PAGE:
|2020||Dr. MacPherson examined the effect of disease epidemiology on coevolution between hosts and their infectious diseases, exploring how coevolution affects disease spread. She also developed a method for identifying genes underlying these coevolutionary interactions. This research will improve our ability to predict disease susceptibility.|
|2020||Dr. Scholer showed how avian traits, such as body size, number of eggs laid, and metabolic rate, along with a less seasonal climate, are all linked to the long lifespan of tropical birds. His work brings together some of the first empirical support for several key concepts in life history theory.|
|2020||Dr. Oyinlola studied the effects of climate change on global seafood production. His findings show that increasing greenhouse gases will negatively affect mariculture production in many regions of the world, particularly the tropics and sub-tropical regions. This research supports continuous mariculture related research and industry applications.|
|2020||Dr. Wang investigated the genomic mechanisms of speciation, the process in which one lineage becomes more than one. She found that genetic underpinning of plumage coloration and mitonuclear coevolution were targets of selection in a Pacific Northwest warbler species complex. This research sheds light on the mechanisms that lead to biodiversity.|
|2019||Dr. Didier found evidence of a previously unreported membrane steroid receptor in a Basel vertebrate. This work has wide ranging implications for our understanding of steroid/receptor evolution in vertebrates.|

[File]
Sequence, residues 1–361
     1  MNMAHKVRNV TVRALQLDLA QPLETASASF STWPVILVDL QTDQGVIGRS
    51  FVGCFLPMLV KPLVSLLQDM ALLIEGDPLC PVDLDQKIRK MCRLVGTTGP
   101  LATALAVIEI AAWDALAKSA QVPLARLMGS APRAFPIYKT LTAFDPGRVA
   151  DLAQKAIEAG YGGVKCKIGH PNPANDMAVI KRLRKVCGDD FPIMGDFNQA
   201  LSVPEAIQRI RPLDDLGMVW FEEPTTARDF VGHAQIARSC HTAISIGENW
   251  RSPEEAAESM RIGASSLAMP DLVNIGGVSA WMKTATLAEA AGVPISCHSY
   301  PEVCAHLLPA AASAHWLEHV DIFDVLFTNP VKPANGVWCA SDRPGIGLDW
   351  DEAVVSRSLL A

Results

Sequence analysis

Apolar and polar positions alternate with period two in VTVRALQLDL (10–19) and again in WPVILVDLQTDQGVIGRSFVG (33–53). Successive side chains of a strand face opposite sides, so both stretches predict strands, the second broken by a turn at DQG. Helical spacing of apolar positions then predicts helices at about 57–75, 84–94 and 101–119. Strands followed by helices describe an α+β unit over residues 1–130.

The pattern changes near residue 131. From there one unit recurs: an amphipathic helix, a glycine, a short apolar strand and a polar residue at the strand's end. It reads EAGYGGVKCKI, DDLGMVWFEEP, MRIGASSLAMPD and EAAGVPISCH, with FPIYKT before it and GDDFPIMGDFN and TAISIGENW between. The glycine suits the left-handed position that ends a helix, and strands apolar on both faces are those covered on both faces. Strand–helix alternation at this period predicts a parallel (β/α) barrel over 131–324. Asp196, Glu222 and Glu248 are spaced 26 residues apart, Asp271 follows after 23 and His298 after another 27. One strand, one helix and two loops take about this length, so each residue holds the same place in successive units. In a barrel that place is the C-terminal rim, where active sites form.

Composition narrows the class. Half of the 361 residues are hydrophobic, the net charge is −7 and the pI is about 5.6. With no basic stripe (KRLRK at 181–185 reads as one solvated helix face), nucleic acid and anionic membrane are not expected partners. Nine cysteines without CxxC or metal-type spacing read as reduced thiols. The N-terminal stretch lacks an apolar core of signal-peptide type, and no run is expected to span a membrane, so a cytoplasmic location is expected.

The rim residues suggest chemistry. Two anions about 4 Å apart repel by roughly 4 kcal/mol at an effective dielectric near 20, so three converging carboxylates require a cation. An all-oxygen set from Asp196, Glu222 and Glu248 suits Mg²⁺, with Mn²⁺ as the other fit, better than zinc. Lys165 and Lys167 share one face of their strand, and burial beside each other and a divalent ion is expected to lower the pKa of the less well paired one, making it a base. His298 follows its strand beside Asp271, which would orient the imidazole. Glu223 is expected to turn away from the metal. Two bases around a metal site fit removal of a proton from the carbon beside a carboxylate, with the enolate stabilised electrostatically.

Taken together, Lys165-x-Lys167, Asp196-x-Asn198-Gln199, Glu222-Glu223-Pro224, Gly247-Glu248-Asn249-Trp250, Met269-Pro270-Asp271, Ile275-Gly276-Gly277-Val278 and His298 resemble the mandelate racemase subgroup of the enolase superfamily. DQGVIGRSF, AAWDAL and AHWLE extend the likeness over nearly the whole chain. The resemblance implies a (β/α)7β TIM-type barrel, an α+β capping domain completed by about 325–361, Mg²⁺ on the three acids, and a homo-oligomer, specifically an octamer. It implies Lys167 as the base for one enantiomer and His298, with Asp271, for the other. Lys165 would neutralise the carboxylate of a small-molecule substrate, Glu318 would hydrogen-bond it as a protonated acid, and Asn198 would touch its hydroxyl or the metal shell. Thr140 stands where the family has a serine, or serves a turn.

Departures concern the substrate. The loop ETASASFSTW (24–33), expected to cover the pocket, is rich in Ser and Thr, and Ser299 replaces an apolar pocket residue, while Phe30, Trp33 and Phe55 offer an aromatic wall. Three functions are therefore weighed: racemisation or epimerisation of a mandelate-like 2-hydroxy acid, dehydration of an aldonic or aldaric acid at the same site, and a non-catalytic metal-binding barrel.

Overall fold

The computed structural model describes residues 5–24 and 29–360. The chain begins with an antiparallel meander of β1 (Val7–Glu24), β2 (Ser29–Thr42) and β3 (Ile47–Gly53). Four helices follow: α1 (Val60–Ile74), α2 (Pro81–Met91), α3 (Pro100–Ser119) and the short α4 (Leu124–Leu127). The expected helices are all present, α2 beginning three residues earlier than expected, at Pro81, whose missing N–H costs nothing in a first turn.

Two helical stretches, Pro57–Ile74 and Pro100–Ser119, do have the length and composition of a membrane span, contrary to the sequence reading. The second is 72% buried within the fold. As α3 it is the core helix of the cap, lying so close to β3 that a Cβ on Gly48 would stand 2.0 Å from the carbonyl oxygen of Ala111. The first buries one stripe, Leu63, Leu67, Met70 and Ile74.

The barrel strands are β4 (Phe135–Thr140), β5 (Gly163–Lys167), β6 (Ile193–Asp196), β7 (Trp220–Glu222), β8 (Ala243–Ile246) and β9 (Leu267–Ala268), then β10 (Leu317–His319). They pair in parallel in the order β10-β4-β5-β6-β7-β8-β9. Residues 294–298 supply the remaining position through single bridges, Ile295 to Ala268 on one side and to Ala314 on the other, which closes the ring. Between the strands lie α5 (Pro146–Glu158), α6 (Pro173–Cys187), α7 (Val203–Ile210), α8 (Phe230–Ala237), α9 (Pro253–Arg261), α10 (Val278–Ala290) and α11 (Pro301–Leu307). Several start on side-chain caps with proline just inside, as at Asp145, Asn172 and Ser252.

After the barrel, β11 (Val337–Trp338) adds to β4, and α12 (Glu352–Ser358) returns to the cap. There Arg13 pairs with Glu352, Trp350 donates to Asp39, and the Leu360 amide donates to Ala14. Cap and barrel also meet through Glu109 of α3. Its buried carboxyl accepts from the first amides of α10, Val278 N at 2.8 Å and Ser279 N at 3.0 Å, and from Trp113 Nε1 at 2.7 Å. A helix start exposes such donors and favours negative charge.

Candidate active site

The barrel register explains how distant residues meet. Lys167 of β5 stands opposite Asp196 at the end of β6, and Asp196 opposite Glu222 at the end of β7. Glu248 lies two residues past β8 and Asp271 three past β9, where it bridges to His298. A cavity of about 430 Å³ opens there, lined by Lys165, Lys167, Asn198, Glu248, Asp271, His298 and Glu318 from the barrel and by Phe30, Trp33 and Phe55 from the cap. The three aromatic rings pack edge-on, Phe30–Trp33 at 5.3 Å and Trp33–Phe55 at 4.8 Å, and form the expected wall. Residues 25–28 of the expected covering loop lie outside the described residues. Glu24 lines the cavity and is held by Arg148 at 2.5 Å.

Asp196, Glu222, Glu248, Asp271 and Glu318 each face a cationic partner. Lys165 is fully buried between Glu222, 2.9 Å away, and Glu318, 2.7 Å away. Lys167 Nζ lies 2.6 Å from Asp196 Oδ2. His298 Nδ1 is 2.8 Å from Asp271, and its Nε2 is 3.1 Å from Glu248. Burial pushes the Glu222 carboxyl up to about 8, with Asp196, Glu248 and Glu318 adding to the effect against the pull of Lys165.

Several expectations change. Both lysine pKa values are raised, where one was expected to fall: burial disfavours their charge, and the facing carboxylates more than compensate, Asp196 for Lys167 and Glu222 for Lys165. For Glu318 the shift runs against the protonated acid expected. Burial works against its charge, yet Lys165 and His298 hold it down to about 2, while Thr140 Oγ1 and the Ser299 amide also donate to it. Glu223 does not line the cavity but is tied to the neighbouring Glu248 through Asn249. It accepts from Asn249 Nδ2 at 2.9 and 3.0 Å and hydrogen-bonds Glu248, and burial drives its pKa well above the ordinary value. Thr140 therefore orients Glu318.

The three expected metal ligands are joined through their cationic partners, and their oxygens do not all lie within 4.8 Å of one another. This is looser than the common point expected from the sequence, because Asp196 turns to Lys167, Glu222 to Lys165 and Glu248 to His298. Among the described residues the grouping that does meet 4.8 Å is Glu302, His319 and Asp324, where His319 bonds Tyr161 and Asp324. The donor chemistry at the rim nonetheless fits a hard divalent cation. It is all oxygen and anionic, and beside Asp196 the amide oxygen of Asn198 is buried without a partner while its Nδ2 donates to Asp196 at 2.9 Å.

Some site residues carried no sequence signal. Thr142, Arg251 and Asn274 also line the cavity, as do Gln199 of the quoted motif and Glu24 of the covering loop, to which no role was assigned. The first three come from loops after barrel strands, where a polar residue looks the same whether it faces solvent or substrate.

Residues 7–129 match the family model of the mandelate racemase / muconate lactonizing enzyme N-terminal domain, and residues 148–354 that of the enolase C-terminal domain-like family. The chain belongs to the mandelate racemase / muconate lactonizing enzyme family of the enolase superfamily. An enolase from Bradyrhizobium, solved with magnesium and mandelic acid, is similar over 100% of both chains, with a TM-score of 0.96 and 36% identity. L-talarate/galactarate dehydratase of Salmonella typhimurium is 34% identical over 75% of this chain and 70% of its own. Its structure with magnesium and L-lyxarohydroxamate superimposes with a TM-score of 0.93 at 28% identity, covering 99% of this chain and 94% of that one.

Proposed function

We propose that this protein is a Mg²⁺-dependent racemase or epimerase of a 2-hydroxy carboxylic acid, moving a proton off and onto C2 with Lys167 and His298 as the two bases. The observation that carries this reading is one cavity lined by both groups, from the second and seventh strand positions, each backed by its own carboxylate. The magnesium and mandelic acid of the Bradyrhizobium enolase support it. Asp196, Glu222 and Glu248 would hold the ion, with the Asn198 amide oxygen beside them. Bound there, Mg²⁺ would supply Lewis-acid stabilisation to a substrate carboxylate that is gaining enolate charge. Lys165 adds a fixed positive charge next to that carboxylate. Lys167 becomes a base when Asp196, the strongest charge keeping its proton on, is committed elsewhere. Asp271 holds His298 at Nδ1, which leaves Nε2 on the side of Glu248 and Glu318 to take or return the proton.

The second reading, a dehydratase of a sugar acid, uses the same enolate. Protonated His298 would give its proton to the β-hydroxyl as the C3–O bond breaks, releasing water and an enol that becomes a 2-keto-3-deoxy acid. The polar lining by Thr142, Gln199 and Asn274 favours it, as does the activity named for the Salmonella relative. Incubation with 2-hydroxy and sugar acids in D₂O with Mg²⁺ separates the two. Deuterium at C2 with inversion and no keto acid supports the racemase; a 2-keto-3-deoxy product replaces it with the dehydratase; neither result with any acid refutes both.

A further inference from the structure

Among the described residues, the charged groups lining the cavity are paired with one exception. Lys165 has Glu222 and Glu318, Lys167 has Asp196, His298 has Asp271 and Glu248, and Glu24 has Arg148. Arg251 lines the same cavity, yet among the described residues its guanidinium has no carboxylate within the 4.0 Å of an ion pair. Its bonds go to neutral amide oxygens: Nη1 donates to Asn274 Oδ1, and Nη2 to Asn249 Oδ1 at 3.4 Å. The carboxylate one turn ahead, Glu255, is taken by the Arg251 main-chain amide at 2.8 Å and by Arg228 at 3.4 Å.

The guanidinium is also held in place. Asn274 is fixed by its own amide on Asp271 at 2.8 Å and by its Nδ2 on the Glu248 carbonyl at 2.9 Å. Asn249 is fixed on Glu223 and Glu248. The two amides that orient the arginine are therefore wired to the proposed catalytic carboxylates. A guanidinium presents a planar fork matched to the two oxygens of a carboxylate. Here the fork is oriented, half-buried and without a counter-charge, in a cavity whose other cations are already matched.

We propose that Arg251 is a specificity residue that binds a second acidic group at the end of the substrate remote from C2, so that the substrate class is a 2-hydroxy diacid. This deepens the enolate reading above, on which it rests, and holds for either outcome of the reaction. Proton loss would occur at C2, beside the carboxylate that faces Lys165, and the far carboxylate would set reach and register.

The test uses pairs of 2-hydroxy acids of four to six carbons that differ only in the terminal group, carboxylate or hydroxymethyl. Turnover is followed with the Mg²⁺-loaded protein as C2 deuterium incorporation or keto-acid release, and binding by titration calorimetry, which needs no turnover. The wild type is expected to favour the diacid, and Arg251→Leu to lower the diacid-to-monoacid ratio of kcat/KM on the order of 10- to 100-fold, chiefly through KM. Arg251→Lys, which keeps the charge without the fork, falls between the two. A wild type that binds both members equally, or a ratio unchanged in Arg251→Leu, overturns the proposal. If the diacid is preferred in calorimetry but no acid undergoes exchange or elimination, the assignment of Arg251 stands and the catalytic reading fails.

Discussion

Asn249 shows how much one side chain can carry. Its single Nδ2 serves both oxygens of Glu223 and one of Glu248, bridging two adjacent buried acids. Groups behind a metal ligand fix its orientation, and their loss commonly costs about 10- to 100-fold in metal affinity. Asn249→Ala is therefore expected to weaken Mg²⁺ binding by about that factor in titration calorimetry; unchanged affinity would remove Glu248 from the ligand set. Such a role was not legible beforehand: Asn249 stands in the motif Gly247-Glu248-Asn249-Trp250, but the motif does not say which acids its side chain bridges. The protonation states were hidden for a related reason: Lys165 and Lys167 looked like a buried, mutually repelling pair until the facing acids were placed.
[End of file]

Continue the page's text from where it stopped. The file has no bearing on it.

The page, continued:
|2019||Dr. Guzman studied how food webs change when species have different body sizes or when they move different distances. These studies help us understand how food webs can persist through time. She also complemented her scientific research with a study aimed at improving undergraduate science student learning.|
|2019||Dr. Giacomin investigated how different species of fish deal with environmental stressors. As the world's aquatic environments become more variable due to human impacts and climate change, the findings of her thesis advance our understanding of how diverse species of fish can cope and survive in challenging environments.|
The program vigorously promotes integrative research in biology and actively participates in several interdisciplinary programs, including the graduate programs in genetics, neuroscience, applied mathematics, and resource management.
Zoology offers a wide variety of research programs leading to the Master of Science and Doctor of Philosophy in the following areas: cell and developmental biology, community and population ecology, comparative physiology and biochemistry, neurobiology, and evolutionary biology.
I decided to study at UBC for three reasons. First, UBC is a world-renowned university with amazing opportunities for scientific research and teaching. My supervisor, Dr. Kiran K. Soma, is a leader in the field of neuroendocrinology and working with him is an amazing opportunity. Second, the...
The main reason I decided to study at UBC was to work under the supervision of Dr. Trish Schulte, who is a world-leading scientist in evolutionary physiology. Being mentored by a strong female leader in STEM is not only inspiring but also motivating to see that women can be successful in the field...